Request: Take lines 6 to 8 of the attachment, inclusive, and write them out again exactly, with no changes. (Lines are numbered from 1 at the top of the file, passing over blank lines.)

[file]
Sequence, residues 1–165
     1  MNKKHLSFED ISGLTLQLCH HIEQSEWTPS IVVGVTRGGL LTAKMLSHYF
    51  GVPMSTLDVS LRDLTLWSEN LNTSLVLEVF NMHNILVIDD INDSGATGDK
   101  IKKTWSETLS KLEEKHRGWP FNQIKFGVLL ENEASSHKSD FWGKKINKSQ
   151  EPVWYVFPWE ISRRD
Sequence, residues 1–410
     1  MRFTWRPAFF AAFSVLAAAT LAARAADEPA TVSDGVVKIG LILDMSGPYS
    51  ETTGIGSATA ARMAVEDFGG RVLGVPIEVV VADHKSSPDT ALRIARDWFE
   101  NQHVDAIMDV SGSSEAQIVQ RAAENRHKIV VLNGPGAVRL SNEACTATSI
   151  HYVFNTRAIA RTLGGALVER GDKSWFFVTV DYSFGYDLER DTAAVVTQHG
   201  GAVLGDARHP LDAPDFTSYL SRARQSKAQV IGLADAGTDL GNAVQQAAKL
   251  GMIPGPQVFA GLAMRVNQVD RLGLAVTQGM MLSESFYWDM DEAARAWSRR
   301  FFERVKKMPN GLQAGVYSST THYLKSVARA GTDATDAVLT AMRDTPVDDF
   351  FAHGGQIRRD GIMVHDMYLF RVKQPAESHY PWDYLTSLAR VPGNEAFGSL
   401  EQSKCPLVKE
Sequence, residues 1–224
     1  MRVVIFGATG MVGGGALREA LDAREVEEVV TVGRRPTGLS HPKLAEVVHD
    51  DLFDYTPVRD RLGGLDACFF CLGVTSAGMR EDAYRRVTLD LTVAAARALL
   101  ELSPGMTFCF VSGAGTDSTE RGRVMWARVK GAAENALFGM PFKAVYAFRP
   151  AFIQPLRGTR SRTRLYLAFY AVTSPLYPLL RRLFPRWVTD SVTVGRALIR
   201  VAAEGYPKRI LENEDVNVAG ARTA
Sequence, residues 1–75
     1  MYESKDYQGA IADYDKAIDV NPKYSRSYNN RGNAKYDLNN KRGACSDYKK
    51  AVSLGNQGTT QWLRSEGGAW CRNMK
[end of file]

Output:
Sequence, residues 1–410
     1  MRFTWRPAFF AAFSVLAAAT LAARAADEPA TVSDGVVKIG LILDMSGPYS
    51  ETTGIGSATA ARMAVEDFGG RVLGVPIEVV VADHKSSPDT ALRIARDWFE